Cerumen is another word for ear wax – a substance that the body uses to protect the ears. Tiny glands in the ear canal secrete it, creating a sticky surface that collects unwanted particles, keeping them clean.
Generally, the body produces small quantities of cerumen. However, there are times when it may overproduce ear wax or fail to clear it, leading to impacted cerumen.
What is impacted cerumen?
Impacted cerumen occurs when ear wax builds up in the ear to the point at which the ear canal can no longer clear it.
Nature designed ears to clean themselves. However, when cerumen builds up too much, the tiny hairs that would usually transport it out of the ear no longer function. This can lead to blockages, causing a range of unwanted symptoms.
What are the consequences of impacted cerumen?
The consequences of impacted cerumen can be severe. Besides a general loss of hearing, the condition can also lead to infection, hearing loss and irritation. It also makes it difficult for hearing specialists, physicians and audiologists to peer into the ear canal and diagnose problems.
What are the symptoms of impacted cerumen?
If you have impacted cerumen or ear wax, there are usually some telltale symptoms. The most common sensation is a feeling of fullness in the ear canal from wax pushing up against it.
You may also experience pain in your ear or discharge. Some patients may also experience dizziness since ear wax can affect the ear’s balance centres.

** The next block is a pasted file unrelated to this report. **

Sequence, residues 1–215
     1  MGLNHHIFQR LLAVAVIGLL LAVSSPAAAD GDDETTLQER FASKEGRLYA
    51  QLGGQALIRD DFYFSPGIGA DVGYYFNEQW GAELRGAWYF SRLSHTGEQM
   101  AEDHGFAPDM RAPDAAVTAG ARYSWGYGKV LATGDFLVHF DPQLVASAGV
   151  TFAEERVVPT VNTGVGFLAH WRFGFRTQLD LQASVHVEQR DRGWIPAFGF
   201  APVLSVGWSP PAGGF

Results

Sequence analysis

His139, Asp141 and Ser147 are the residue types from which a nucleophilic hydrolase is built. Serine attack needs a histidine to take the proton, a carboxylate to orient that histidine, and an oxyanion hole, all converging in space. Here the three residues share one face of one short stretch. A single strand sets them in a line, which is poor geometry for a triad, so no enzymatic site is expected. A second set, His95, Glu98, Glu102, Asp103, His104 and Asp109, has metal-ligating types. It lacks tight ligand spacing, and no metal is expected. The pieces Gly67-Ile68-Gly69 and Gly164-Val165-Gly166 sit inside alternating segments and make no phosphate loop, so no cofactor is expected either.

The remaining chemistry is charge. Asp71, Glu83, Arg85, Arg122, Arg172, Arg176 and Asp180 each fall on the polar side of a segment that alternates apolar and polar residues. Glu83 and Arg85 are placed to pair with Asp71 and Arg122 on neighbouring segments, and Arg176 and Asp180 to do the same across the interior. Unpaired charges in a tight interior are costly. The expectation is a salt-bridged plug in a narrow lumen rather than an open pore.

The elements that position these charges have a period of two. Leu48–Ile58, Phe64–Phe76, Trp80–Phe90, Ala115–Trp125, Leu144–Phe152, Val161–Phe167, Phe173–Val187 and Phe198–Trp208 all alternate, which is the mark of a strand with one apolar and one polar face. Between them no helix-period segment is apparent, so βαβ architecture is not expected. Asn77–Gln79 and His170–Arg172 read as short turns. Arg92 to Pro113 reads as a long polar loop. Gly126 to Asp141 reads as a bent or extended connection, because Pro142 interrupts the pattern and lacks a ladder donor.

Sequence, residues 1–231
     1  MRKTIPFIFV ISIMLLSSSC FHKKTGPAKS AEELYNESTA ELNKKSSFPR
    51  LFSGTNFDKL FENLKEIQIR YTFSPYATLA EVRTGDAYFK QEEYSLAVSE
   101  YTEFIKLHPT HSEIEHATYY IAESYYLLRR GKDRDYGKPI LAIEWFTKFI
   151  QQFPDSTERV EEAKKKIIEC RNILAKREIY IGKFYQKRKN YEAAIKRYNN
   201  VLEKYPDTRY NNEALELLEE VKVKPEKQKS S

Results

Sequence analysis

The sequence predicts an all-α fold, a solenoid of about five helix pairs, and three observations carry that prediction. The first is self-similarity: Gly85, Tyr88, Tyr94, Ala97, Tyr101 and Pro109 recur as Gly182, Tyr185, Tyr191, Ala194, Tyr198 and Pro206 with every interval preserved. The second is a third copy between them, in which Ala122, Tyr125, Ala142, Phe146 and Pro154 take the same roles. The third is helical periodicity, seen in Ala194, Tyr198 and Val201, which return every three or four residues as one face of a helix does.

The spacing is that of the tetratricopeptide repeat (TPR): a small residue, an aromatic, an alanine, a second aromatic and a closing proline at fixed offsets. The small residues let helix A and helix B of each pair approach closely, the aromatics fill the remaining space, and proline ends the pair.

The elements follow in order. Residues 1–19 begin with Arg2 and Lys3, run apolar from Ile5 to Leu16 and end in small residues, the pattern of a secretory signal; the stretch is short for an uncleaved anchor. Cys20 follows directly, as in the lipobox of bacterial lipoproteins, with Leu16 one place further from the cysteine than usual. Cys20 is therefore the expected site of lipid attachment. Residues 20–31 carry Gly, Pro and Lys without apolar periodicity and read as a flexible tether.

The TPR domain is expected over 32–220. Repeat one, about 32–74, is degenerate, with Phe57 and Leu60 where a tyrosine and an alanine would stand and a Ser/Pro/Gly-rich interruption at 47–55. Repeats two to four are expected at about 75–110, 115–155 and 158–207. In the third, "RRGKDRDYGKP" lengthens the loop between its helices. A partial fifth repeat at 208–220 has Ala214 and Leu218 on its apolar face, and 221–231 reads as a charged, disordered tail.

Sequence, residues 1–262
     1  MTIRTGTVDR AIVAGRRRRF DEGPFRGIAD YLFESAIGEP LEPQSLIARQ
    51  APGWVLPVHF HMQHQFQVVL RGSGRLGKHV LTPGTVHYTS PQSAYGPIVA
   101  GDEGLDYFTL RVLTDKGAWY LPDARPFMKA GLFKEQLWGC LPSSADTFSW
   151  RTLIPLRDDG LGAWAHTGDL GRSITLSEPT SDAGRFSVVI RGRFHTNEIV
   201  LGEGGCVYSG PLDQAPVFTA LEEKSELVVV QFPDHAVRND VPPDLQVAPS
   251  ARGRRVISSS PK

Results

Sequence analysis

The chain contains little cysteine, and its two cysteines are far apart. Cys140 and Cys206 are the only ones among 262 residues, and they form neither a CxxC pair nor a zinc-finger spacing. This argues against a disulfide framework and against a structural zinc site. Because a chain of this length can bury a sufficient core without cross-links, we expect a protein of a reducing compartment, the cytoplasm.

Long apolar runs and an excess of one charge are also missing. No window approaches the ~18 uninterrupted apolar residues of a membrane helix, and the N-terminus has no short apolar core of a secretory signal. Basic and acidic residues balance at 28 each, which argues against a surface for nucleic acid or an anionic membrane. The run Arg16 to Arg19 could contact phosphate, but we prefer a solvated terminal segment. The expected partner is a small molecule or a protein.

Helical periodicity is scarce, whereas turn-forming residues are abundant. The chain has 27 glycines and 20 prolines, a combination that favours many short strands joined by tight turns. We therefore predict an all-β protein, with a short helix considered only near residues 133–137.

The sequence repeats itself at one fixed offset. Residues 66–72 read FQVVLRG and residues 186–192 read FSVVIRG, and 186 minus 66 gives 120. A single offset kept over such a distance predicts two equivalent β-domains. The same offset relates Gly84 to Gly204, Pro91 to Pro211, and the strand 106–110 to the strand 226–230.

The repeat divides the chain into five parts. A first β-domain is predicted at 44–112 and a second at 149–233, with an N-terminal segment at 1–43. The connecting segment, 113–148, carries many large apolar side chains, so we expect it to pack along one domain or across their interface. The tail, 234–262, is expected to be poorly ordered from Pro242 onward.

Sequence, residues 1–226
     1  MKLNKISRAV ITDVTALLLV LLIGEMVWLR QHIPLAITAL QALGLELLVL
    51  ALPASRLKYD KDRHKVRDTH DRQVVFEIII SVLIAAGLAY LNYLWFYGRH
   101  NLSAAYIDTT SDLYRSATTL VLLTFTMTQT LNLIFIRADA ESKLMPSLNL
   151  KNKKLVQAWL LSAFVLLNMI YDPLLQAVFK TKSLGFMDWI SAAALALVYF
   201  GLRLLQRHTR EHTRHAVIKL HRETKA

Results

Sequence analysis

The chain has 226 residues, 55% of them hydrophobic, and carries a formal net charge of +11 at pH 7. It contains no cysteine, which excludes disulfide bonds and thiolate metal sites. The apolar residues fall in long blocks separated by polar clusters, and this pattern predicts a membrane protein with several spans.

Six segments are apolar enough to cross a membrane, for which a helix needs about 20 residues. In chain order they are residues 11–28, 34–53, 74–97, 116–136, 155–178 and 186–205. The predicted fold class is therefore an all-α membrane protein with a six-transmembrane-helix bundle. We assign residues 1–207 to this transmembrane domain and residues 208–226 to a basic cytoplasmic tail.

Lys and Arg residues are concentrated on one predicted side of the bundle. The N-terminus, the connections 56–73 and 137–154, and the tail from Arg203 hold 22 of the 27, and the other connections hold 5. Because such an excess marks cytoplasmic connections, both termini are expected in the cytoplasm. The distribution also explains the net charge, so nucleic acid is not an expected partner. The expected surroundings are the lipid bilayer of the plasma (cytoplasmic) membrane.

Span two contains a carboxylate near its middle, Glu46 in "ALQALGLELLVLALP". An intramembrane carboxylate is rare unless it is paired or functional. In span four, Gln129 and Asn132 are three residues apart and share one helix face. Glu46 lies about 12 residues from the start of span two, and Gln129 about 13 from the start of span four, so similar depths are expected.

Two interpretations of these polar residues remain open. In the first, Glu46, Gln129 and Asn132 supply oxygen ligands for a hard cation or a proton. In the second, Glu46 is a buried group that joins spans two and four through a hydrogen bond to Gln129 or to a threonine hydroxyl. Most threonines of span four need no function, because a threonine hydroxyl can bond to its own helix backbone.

You may find that the colour of ear wax discharge varies. The darker the colour, the older the ear wax. Bright yellow and runny ear wax is new, whereas brown has likely been there for some time.
If the ear wax contains green pus, you may have an infection. Black ear wax is a sign that the cerumen has been mixed with blood. If you notice any, go and see your healthcare provider immediately.
How can you prevent ear wax build-up?
You can prevent ear wax buildup by avoiding stuffing cotton buds in your ear. These can sometimes make the problem worse by impacting cerumen further. You can also stop using earplugs at night, though that might not always be an option for you.
How can you treat impacted cerumen?
Ear health specialists use a technique called microsuction ear wax removal to resolve impacted cerumen. This involves using a compact suction device that pulls unwanted wax from the ear.